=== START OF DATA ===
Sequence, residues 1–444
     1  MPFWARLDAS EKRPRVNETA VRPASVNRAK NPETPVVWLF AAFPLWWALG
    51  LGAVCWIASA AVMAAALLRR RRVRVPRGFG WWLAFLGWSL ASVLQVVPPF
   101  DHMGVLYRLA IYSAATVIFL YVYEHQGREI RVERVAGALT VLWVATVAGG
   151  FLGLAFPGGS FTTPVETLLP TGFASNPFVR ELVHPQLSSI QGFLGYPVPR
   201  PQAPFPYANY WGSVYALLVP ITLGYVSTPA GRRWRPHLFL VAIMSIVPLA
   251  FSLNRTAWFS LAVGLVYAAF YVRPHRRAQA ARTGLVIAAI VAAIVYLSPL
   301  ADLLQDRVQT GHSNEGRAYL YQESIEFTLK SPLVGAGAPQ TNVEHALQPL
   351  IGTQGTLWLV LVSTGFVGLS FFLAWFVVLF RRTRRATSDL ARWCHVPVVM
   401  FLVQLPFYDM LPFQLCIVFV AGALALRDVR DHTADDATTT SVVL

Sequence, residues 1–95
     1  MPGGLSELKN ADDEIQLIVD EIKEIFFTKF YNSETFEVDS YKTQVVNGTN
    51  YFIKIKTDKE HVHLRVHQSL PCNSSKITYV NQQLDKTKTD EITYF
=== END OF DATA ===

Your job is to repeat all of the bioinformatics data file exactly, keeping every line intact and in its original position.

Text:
Sequence, residues 1–444
     1  MPFWARLDAS EKRPRVNETA VRPASVNRAK NPETPVVWLF AAFPLWWALG
    51  LGAVCWIASA AVMAAALLRR RRVRVPRGFG WWLAFLGWSL ASVLQVVPPF
   101  DHMGVLYRLA IYSAATVIFL YVYEHQGREI RVERVAGALT VLWVATVAGG
   151  FLGLAFPGGS FTTPVETLLP TGFASNPFVR ELVHPQLSSI QGFLGYPVPR
   201  PQAPFPYANY WGSVYALLVP ITLGYVSTPA GRRWRPHLFL VAIMSIVPLA
   251  FSLNRTAWFS LAVGLVYAAF YVRPHRRAQA ARTGLVIAAI VAAIVYLSPL
   301  ADLLQDRVQT GHSNEGRAYL YQESIEFTLK SPLVGAGAPQ TNVEHALQPL
   351  IGTQGTLWLV LVSTGFVGLS FFLAWFVVLF RRTRRATSDL ARWCHVPVVM
   401  FLVQLPFYDM LPFQLCIVFV AGALALRDVR DHTADDATTT SVVL

Sequence, residues 1–95
     1  MPGGLSELKN ADDEIQLIVD EIKEIFFTKF YNSETFEVDS YKTQVVNGTN
    51  YFIKIKTDKE HVHLRVHQSL PCNSSKITYV NQQLDKTKTD EITYF